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Shawn Kemp's advice to rookies on how to make it in the NBA


At 19 years old, Shaw Kemp was the youngest rookie in his draft class. There was no question the young fella' had a lot of talent and potential, but drafting someone practically out of high school was still a huge risk. Seattle was ready to take that risk at no.17.

There are many basketball questions when drafting a 19-year-old, but one of the main concerns is adapting to the NBA life. You start earning six figures long before you understand the responsibilities ahead of you - that can be a dangerous combination. The Sonics were convinced there was enough veteran leadership to lead young Mr. Kemp down the right path.

Unlike nowadays, rookies didn't get a lot of minutes on the court even if they were the future of the franchise. Out of 81 games Kemp played in his rookie season, he started only one. Kemp averaged 13.8 minutes and 5.2 FGA per game. Back then, you make a mistake or two, and that's it; your ass is on the bench.

Mentally it's tough. The thing about it is, you play your whole life. Then you make it to the pros, and you're not playing; you're almost a cheerleader at times. But you motivate yourself, the only way you're going to get on the court is to better yourself. That comes through practice, through repetitions.

Shawn Kemp, ">1-ON-1 with Basketball Network

Sounds obvious, but the catch is in staying motivated. Some guys have that inner drive and motor to work their ass off every day to maybe play 5-6 meaningful minutes. Kemp was one of those guys, but even he needed a veteran to guide him through the grind. You need to learn how to practice.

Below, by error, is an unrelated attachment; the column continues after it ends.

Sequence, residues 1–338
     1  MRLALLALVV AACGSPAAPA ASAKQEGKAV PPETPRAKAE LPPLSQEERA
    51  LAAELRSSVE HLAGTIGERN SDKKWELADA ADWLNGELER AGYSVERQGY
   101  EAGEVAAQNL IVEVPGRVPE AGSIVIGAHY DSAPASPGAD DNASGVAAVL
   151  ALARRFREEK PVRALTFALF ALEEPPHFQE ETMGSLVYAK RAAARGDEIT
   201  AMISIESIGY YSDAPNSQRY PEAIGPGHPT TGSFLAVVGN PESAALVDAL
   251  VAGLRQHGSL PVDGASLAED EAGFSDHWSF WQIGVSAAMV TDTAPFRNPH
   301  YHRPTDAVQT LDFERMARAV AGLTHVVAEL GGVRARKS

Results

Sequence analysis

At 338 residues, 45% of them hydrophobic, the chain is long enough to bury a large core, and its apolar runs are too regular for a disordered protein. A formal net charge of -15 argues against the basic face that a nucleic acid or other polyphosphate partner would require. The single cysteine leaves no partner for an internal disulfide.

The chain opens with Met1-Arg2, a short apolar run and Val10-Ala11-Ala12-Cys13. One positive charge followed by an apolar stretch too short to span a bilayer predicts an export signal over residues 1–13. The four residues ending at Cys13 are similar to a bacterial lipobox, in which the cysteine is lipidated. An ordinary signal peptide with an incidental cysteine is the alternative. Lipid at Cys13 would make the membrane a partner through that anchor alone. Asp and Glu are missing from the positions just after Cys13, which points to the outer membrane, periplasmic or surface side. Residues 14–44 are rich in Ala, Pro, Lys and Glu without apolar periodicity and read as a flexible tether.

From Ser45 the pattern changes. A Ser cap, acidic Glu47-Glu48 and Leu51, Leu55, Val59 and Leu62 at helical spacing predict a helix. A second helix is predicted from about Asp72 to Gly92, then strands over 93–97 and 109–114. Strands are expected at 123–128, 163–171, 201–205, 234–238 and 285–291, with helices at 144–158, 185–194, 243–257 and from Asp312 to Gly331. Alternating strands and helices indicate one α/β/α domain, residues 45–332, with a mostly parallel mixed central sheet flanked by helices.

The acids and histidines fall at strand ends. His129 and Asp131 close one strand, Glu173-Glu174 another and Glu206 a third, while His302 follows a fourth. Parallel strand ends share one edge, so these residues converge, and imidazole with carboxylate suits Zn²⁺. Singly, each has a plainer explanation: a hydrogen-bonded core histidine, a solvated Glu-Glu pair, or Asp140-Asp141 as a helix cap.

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I was very fortunate to play with a group of guys who saw a young kid come in, and they wanted this young kid to succeed. It could've been just the opposite where these guys like Xavier McDaniels, Derrick McKey, Nate McMillan; a lot of these guys that groomed me, they could've turned their shoulder on me.

Shawn Kemp, ">1-ON-1 with Basketball Network

Kemp pointed out they stuck with him through the good, the bad, and the immature times (he stressed this one the most) and helped him become a Sonics legend. What Kemp didn't say, and his mentors probably would, is that it takes two to tango. Kemp wanted to be mentored. He loved to grind, spend countless hours in the gym, and learn.

As a young player, it's a good thing to go through because you learn so fast. At that age, I learned so fast because I was a friend of film. That right there was motivation for me.

Shawn Kemp, ">1-ON-1 with Basketball Network

We can't understate the cultural differences between 1990 and 2020. Kids these days want to make it over night. If you grew up in the 80s, making it fast was counted in years, not months. That's Shawn Kemp's message to all the young prospects out there.

Work hard, listen to your veterans and above all, be patient.

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